Paint flowing into the demarcated tracks of wood boring beetles is like tattoos written on a body, calligraphy of a journey from larval to adult. ‘Limb’ references W.S. Merwin’s prose poem ‘Unchopping a Tree’, prescribing how to begin the arduous task of putting a tree back together. “Start with the leaves, the small twigs, and the nests that have been shaken, ripped, or broke off by the fall; these must be gathered and attached once again to their respective places.” ‘Limb’ mirrors these tasks. Reassembling this vine maple that grew in the yard of my family home speaks of irrevocable loss. Sewing through the rings of a tree is to sew through time itself, the tree’s memory.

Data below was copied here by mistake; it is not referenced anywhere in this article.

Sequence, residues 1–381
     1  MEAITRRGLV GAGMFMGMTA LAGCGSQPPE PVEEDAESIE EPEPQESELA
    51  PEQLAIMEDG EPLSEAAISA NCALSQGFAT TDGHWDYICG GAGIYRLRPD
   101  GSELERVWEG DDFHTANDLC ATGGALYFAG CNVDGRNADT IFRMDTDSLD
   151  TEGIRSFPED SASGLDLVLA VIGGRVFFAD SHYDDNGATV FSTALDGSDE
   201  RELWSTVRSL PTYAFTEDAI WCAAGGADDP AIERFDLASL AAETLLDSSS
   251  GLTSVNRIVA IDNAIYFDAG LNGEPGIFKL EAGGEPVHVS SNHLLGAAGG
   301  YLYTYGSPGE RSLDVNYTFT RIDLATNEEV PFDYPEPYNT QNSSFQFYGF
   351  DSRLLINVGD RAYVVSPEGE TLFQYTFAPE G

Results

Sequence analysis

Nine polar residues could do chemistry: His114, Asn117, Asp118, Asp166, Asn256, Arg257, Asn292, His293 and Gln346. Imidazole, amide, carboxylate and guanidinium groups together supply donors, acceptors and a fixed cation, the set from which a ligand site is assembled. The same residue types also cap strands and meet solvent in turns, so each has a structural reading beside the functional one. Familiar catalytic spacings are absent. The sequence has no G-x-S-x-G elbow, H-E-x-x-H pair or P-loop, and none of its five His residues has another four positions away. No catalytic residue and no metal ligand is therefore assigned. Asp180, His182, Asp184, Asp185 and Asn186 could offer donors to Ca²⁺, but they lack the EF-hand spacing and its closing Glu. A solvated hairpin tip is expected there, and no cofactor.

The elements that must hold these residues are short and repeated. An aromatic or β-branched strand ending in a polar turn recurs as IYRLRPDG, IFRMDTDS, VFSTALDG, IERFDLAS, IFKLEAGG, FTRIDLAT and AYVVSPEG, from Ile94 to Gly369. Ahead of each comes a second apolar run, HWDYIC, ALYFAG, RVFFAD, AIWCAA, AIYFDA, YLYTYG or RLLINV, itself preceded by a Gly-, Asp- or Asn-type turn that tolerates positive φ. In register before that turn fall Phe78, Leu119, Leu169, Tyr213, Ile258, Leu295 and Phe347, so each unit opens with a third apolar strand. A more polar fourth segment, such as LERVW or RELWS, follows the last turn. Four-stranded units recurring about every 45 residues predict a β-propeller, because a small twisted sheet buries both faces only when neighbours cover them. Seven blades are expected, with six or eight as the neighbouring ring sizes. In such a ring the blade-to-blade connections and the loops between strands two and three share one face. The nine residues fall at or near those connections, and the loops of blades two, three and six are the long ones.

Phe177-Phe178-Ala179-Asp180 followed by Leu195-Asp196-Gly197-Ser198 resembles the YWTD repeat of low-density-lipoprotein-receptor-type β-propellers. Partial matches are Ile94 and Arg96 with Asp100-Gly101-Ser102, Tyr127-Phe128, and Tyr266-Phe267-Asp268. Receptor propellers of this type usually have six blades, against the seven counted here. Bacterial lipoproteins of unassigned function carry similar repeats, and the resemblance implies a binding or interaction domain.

The outer bark of a tree, concealing layer upon layer. Timber, a column of rolls of toilet paper stacked up one upon the other; the tissue printed with water-based pigment in the pattern of wood grain endlessly repeated. Wallpaper, a mural sized charcoal drawing of the bark of a Douglas-fir tree, worked up over a grid of 1536 squares (each 1 3/4 inch square), the pattern repeated as wallpaper but still retaining the unique markings of a hand or of nature.